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Sashimi - Simply the Best

Sashimi - fresh, raw seafood, served with a dab of wasabi and a small saucer of soy sauce.  The freshness of, and the texture of the fish is what makes all the difference.  While visiting Tsukiji recently I watched the hirame being freshly filleted and readied for sashimi.  Hirame, the Japanese word for fluke or flounder, is a white flat fish.  This fish was freshly filleted at 10 am and served at 6 pm in the restaurant.

Hirame sashimi
Filleting hirame

The hirame is not killed until it is sold.  The fish is killed by cutting it under the gill.  Although the fish has been killed, the nerves are still reacting and the fish twitches violently, which damages the flesh.

This affects the flavour and the texture of the sashimi.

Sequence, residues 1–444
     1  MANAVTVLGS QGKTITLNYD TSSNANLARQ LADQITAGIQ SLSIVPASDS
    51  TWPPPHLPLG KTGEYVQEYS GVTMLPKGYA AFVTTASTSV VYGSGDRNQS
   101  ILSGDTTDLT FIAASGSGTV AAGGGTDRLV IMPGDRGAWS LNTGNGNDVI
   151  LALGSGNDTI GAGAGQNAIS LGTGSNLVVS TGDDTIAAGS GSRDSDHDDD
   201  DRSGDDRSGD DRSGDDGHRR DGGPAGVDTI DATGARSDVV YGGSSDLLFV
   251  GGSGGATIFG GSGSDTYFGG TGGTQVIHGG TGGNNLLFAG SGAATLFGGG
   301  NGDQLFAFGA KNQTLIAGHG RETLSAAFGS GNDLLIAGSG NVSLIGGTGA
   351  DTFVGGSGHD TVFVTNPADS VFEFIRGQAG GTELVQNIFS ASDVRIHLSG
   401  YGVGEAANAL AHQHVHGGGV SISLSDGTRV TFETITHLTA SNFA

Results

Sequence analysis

Wire in hirame

The twitching can be quite strong and with sashimi quality fish, it is extremely important that the flesh on the fish does not get damaged.  The texture and the taste of the fish will change if the flesh is bruised.

In order to avoid bruising the flesh, a steel wire is inserted into the mouth of the fish, along the spine of the fish.  This process kills the spinal nerve and ensures there is no more twitching.

Removing the excess skin from hirame
The outer scales are removed from the fish.  In addition, there is a thin layer of skin on the flesh of the fish which needs to be removed.
The fleshy hirame
Removing the remaining skin is done carefully with a very sharp knife. The knife is lightly scraped and skimmed on the flesh. This ensures that all of the skin is removed and the fish is ready to be cut in sashimi size pieces.
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